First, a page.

Then wipe all this area with a cloth or cotton bud (Q tip) moistened (not soaked) with methylated spirit, especially if there appears to be fine dirty deposits....oil and lint combine to conspire against you.

If it seems likely that you ......really ....do .....actually .....need .....to adjust the bobbin case, first check there is no lint trapped in the metal spring where the thread is tensioned.

TOP LOADER:
Drop-in Bobbin case will look similar to this image with the tension screw in the middle of the metalwork....

cannot get the tension to work correctly. The - 4c76dc1.jpg ...the other screw at one end is holding it all together, so beware....it is not a tragedy to undo the whole lot and clean it, but very gingerly and lay the bits out in sequence and orientation, or you risk tearing your hair out !

FRONT LOADER:
....this is a bobbin case from a front loading machine and works in a very similar fashion to the top loader with drop in bobbin, again, if you dismantle it, take care so you can put it all
back properly.
165ca5c.jpg FINISHING UP
GETTING THE BALANCE RIGHT:
When you are certain there's no trapped lint in top tension or bobbin, set the top tension to 4 and the bobbin tension to a point where you just begin to feel resistance.

Try using good quality thread of contrasting colours so you can more easily spot the changes.

Set your zigzag to one width less than maximum (eg. 5 of 6 ...or... 4 of 5 etc) and sew a sample for a few inches and check the result.... adjust the bobbin tension screw very little at
a time, perhaps 1/16 of a turn.

You may find you are playing with this balance for some little while and if you are putting the needleplate on and off each time begin to think it cannot be correct to do this.....BUT....it is,
and eventually, you do get a "feel" for the correct tension and then it happens quite quickly.....as a user you won't be doing it very often unless there is lint built up (or are there small hands at work around the house !?!?!)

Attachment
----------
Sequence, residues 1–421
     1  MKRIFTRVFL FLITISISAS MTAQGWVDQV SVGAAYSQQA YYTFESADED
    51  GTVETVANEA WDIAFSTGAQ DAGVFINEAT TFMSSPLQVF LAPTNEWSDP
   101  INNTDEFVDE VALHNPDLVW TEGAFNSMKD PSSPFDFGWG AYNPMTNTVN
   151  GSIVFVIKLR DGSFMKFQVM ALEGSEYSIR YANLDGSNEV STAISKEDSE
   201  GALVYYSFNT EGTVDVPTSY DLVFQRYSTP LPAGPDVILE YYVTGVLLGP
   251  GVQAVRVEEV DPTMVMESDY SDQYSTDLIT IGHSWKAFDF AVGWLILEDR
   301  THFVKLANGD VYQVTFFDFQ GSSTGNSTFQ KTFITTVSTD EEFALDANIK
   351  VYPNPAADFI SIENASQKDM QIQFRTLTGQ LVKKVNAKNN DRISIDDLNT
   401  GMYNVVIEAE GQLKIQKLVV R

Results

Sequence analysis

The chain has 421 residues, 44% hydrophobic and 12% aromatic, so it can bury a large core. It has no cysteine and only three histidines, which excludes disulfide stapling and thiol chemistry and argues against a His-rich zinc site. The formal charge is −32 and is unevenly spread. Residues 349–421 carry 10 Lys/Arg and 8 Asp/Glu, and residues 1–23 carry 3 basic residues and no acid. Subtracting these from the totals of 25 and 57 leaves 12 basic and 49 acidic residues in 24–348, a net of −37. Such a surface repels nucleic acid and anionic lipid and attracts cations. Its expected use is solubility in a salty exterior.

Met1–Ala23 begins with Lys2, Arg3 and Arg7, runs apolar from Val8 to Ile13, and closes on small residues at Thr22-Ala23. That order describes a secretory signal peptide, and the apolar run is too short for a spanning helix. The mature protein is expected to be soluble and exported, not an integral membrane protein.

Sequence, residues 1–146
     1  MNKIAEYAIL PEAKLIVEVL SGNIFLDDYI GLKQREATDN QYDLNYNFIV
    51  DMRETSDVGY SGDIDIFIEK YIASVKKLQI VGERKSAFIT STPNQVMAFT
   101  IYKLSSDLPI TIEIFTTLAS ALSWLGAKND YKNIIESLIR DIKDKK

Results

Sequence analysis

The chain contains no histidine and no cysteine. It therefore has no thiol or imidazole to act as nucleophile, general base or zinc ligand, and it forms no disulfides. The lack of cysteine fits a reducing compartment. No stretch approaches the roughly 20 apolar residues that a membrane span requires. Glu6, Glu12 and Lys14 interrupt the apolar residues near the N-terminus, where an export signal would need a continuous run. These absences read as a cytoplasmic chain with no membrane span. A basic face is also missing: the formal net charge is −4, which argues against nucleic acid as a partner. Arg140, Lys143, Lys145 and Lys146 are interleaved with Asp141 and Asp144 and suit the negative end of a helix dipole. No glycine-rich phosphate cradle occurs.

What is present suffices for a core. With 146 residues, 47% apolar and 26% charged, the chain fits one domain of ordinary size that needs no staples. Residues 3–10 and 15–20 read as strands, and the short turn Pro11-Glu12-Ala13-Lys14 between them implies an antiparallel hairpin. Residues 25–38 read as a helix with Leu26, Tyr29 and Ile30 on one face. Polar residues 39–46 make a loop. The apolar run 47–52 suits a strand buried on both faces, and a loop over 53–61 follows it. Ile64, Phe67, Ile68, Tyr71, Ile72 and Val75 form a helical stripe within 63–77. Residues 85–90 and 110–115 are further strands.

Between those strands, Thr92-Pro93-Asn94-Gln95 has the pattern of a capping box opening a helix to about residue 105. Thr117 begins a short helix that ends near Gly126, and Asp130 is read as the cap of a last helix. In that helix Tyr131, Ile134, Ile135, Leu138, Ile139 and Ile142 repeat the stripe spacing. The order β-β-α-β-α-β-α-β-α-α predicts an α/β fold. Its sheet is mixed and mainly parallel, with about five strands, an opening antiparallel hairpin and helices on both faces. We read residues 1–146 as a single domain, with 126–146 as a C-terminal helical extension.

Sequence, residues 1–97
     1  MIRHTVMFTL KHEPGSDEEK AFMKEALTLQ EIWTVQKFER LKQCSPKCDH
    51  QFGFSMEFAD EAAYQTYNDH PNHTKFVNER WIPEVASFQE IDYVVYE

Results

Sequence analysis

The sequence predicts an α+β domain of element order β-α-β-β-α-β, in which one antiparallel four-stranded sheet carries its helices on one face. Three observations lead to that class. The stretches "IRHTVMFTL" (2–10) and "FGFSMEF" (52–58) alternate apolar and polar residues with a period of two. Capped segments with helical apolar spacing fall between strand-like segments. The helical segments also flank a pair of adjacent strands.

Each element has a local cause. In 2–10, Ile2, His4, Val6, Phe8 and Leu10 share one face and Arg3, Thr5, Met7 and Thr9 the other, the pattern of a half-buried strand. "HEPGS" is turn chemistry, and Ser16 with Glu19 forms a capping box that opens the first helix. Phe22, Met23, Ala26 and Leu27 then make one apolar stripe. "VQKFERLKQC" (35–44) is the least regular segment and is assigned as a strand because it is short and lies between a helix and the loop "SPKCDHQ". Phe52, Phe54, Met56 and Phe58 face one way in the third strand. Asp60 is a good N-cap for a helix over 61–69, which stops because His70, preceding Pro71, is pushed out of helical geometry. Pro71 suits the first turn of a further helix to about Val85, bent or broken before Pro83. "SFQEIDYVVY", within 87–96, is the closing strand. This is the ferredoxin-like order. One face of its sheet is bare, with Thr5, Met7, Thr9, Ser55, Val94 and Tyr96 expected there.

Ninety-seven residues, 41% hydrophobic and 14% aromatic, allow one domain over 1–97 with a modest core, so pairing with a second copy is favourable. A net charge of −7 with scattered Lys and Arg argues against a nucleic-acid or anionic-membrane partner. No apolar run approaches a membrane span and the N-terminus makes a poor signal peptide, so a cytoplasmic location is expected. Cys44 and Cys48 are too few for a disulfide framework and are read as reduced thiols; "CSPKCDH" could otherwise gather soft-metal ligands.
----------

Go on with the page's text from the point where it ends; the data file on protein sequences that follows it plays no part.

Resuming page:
OTHER ISSUES:
If you live near the ocean as we do, salt air can play havoc with metalwork inside and out, so to help minimise this, keep a few small packets of dessicant (silica gel) in your machine
case....no case ? then make some sort of cover !

Same applies in any damp or humid environment, keep your machine dry and dust free.

Budget for a proper full service every couple of years (more often if heavily used) and if you don't use your machine for a few years, be aware that old oil will dry out and combining with
dust and form a "clag" like glue (another reason for some sort of cover, even a teatowel !)

FINALLY, A WORD ON THREAD:
If it is worth spending the time, energy and money on making something that you would like to give lasting enjoyment......use quality thread, .......it may seem to cost a little more at the
time, but the results, ease of use and added longevity will be worth the extra, and as a bonus, your tension troubles may be fewer and further between, because there is a more consistent diameter with good thread, and less compensating to be done by your tension plates and less thread breaks !

.bargainbox.com.au

Posted on Aug 02, 2009

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2 Answers

When sewing a straight stich The bottom thread is loose.